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Foreign Observers Say Referendum Seemed Fair and Open With AM-Chile, Bjt

October 5, 1988

SANTIAGO, Chile (AP) _ Foreign observers of Wednesday’s presidential referendum said it appeared to be open and honest but could have been better organized.

″People came by bus. They walked. They waited in line for four hours. They voted,″ Manuel Medina, a Spanish member of the European Parliament, told an afternoon news conference.

Oswaldo Hurtado, former president of Ecuador, said: ″What I have seen is Chileans being able to cast their votes freely and in private″ on whether Gen. Augusto Pinochet, who seized power in 1973, should have another eight- year term as president.

″Some polling stations were badly organized. Some opened late and consequently will have to remain open longer this evening, but in general ... it has gone rather well,″ said Johanna May Weggen, a European Parliament delegate from the Netherlands.

Opposition groups fearful of fraud by the government, had urged foreign dignitaries to monitor the vote. More than 500 politicians, diplomats and a few celebrities - including Nicaraguan actress Bianca Jagger - chose to do so.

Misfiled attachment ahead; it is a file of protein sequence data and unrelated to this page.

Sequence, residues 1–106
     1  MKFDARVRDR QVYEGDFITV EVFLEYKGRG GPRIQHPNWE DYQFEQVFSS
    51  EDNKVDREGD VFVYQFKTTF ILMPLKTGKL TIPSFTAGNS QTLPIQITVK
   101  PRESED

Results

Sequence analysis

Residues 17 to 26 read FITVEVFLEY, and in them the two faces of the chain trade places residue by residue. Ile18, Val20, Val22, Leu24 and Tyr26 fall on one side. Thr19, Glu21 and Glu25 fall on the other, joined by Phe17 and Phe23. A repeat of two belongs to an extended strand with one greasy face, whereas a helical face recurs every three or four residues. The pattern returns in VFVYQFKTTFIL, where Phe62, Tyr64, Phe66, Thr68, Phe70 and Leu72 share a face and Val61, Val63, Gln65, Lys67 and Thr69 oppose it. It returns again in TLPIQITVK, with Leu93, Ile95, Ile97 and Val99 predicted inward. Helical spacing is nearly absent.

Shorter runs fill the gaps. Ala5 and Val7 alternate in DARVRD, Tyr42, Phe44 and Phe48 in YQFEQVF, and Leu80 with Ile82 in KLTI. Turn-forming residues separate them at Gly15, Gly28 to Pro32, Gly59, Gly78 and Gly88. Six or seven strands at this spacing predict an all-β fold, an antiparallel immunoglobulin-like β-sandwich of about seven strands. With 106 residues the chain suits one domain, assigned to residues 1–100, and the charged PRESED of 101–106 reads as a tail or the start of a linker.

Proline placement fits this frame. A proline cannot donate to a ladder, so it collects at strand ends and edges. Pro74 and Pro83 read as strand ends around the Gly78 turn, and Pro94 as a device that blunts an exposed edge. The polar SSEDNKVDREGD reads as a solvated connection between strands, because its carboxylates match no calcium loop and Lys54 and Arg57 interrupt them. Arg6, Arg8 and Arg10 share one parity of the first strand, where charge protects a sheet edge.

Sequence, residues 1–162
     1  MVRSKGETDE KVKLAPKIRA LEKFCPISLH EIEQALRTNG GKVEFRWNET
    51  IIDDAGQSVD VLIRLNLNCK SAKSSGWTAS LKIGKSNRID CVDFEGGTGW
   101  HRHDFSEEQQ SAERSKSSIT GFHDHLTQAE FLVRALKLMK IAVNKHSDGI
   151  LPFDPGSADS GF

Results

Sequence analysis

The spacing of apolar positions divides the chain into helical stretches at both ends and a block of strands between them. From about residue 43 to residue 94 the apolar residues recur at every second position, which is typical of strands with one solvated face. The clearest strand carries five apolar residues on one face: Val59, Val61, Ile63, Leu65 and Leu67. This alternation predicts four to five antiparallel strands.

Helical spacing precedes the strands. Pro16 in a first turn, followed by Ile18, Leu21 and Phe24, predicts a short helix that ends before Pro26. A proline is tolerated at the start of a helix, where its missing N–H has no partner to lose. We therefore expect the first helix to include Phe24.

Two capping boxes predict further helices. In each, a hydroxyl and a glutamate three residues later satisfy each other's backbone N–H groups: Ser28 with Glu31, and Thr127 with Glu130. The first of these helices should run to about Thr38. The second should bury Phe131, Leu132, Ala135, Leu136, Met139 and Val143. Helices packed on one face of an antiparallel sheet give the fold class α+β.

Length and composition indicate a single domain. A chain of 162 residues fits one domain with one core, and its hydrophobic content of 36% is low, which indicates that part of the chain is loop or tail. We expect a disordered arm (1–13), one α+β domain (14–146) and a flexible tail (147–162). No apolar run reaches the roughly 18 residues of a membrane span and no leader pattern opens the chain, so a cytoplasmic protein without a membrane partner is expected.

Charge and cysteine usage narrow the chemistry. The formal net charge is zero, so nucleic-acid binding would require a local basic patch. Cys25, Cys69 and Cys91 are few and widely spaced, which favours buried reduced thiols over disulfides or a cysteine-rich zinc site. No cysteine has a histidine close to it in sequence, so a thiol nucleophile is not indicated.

Former presidents Adolfo Suarez of Spain and Misael Pastrana of Colombia, and Bruce Babbitt, former governor of Arizona, led a 60-member delegation of the National Democratic Institute for International Affairs based in Washington, D.C.

They visited polling stations in Santiago and 10 other cities but said they would not comment formally until a news conference scheduled for Friday.

Some delegation members said privately they thought the vote was free and open, and expected the tally also would be. They said civilians, police and military guards at the polling stations were friendly and helpful.

The Puebla Institute, a Roman Catholic human rights group based in Washington, reported signs of government-sponsored harassment in recent days, such as a mass mailing apparently intended to mislead voters into invalidating their registration cards.

After touring polling stations Wednesday, however, the institute issued a statement saying:

″Despite a climate of intimidation, assorted dirty tricks by government supporters, extended delays in opening some polling places, long lines to vote and other irregularities, Chileans in great numbers turned out to vote today.

″Chileans are taking the first real step toward democracy in 15 years. We have heard much about Chile’s ‘economic miracle’. Today, we are witnessing the start of a ‘democracy miracle’.″

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